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The first Bolivian constitution dates back to 1826, after the country had gained independence from Spain a year earlier. Although Sucre is the official capital of Bolivia, La Paz is the administrative capital and the government resides here.
Executive power in Bolivia's political system rests with the president, who, along with the vice president, is elected every five years by the people. He is not immediately eligible for re-election at the end of his term of office. The president appoints the council of ministers. The legislative branch (Congreso Nacional) is divided into two chambers: the Senate (Senado) and the Chamber of Deputies (Cámara de Deputados). The upper house or Senate consists of 27 senators, three from each department, who are each elected for five years. The lower house or the Chamber of Deputies consists of 130 members who are also elected for five years.
There is universal suffrage for men and women from the age of 18. Under the revised 1995 constitution, 50% of the members are elected from party lists while the other half represent a particular district. Bolivia is divided into the nine administrative departments of La Paz, Cochabamba, Potosí, Santa Cruz, Chuquisaca, Tarija, Oruro, Beni and Pando. Each department is subdivided into approx. 112 provinces whose administration controls the income and expenditure. The provinces are divided into about 1384 cantons and are governed by a prefect, a sub-prefect and a so-called “corregidor”. In the capitals of the departments and provinces, elected councils form the local government. In some areas, the Indian population is still organized in the traditional way in ayllu's (communities). Indians have only recently been represented in the national parliament. For the current political situation, see the history chapter.
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Primary education is free and compulsory for all children between six and fourteen years old. Recent census shows that there are about 2,300 kindergartens and about 13,000 primary schools. Almost 1.3 million children went to primary school and almost 220,000 to secondary education. Higher education was attended by approximately 140,000 students. There are universities in La Paz, Sucre, Cochabamba, Oruro, Potosí, Santa Cruz and Tarija. The oldest university in South America is the San Francisco Xavier in Sucre, founded in 1624. The University of San Andrés in La Paz is the largest in the country with more than 35,000 students.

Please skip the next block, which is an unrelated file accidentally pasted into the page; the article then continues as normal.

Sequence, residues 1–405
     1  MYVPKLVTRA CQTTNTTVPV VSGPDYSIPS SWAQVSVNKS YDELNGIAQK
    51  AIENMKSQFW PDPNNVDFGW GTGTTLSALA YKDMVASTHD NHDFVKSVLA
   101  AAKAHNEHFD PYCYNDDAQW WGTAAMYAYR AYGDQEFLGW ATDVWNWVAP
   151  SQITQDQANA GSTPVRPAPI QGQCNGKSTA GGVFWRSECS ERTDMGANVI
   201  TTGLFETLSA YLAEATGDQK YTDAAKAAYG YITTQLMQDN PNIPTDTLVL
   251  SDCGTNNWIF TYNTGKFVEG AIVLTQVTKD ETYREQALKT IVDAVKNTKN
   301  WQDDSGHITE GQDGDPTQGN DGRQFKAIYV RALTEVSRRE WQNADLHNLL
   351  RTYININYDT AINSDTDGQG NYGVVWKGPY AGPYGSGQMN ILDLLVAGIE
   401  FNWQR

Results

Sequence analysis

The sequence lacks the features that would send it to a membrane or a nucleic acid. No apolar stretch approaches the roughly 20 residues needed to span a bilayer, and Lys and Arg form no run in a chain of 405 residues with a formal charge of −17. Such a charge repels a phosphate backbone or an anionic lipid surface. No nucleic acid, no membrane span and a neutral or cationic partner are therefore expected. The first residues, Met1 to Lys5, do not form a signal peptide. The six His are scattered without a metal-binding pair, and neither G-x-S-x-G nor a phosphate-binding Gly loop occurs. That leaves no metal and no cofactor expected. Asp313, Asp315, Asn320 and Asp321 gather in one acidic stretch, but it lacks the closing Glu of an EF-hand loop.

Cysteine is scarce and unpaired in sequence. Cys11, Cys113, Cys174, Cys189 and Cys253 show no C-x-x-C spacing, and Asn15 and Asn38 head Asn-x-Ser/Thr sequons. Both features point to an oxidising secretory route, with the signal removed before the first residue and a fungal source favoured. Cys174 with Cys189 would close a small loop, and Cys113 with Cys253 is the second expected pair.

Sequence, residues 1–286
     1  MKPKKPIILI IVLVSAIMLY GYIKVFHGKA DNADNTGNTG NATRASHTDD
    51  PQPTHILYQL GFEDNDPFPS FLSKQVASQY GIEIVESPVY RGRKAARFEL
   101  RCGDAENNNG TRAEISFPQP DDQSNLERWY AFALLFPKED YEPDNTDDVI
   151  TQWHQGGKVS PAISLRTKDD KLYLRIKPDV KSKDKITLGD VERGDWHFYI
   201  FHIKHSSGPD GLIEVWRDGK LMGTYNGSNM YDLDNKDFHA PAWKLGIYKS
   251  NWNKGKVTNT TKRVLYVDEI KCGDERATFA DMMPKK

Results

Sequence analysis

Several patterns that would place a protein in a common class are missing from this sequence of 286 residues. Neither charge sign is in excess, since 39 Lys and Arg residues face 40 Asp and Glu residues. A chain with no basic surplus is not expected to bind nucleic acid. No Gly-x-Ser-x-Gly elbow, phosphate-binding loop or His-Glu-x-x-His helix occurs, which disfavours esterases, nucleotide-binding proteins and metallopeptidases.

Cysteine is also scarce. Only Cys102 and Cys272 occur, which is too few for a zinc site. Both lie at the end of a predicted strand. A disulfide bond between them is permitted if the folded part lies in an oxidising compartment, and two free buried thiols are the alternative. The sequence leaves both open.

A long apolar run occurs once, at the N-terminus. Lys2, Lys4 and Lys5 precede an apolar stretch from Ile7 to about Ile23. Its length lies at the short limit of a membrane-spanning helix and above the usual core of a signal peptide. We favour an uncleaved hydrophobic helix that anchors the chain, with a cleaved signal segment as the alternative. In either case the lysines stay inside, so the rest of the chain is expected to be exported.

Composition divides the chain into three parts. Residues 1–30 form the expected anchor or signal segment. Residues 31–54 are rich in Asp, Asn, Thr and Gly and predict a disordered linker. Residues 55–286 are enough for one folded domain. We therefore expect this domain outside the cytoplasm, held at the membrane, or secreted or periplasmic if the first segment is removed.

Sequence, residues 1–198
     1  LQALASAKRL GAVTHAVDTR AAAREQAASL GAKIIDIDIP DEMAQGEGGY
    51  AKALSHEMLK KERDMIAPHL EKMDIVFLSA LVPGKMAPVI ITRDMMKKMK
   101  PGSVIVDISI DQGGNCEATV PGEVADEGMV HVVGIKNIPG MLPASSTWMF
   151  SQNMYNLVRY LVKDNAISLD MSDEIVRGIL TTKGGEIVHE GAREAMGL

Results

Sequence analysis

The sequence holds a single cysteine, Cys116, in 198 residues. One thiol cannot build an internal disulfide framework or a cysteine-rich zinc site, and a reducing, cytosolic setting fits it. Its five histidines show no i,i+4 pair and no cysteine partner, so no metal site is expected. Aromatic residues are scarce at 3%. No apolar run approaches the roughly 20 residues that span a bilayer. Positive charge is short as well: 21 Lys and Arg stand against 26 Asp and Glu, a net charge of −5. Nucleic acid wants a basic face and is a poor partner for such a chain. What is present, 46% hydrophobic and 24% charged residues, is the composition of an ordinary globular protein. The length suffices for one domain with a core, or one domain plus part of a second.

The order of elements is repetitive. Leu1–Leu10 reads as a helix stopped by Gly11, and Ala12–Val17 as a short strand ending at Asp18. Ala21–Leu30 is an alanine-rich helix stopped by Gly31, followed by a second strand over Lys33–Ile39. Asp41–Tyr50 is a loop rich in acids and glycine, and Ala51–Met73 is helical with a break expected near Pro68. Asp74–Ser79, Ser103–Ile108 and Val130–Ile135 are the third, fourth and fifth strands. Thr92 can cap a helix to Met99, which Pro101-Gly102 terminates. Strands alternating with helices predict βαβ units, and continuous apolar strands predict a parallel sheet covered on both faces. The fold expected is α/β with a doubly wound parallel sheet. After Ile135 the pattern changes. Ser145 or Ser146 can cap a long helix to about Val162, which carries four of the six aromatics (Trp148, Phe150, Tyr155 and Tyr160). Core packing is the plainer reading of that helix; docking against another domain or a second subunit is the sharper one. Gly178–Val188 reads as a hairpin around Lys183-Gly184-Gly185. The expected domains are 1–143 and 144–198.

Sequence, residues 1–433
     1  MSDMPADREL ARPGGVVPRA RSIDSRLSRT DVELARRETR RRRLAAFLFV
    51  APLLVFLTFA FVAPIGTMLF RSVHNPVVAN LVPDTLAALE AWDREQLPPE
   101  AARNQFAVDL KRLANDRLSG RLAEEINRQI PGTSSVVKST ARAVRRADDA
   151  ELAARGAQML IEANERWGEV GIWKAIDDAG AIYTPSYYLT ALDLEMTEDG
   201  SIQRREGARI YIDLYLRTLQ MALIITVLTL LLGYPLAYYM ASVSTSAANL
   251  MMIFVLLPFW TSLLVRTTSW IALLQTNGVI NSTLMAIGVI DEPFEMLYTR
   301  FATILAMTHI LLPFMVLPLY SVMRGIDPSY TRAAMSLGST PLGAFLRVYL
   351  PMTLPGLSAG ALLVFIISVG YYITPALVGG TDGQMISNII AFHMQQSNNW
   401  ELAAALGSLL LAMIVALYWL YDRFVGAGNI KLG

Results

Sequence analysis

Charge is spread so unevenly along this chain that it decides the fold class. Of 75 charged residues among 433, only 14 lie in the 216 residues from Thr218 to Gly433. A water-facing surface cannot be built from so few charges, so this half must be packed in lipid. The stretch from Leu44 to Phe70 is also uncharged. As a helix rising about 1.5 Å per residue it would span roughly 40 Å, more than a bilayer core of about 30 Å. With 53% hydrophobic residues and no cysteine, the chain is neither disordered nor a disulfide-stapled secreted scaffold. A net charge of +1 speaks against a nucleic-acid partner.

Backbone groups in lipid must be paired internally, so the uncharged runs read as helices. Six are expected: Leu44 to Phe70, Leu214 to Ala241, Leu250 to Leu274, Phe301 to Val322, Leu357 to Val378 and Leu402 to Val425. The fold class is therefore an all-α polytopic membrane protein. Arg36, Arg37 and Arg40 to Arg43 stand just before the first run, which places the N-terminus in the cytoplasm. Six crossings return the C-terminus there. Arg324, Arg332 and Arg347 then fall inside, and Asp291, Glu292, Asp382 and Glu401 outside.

Many highly educated people leave Bolivia after obtaining their diploma and go to work in Argentina or Chile, where much more is paid. English is taught in secondary schools as part of the curriculum. Fortunately, education is regarded by the government as essential to Bolivia's social and economic development. In the late 1980s, a third of the population over the age of 15 could not read or write. Ten years later, that percentage had dropped to 20%. In the early 1950s, only about 15% of the children went to school. Now about 90% of children go to primary school, but many still drop out along the way. In some villages, even some form of education is still lacking, and in rural areas in particular, children have to help out in agriculture at an early age and then leave school.
Bijl, Y. van der / Reishandboek Bolivia
Lindert, P. van / Bolivia : mensen, politiek, economie, cultuur
Schimmel, K. / Bolivia
Sprey, J. / Bolivia
Te gast in Bolivia
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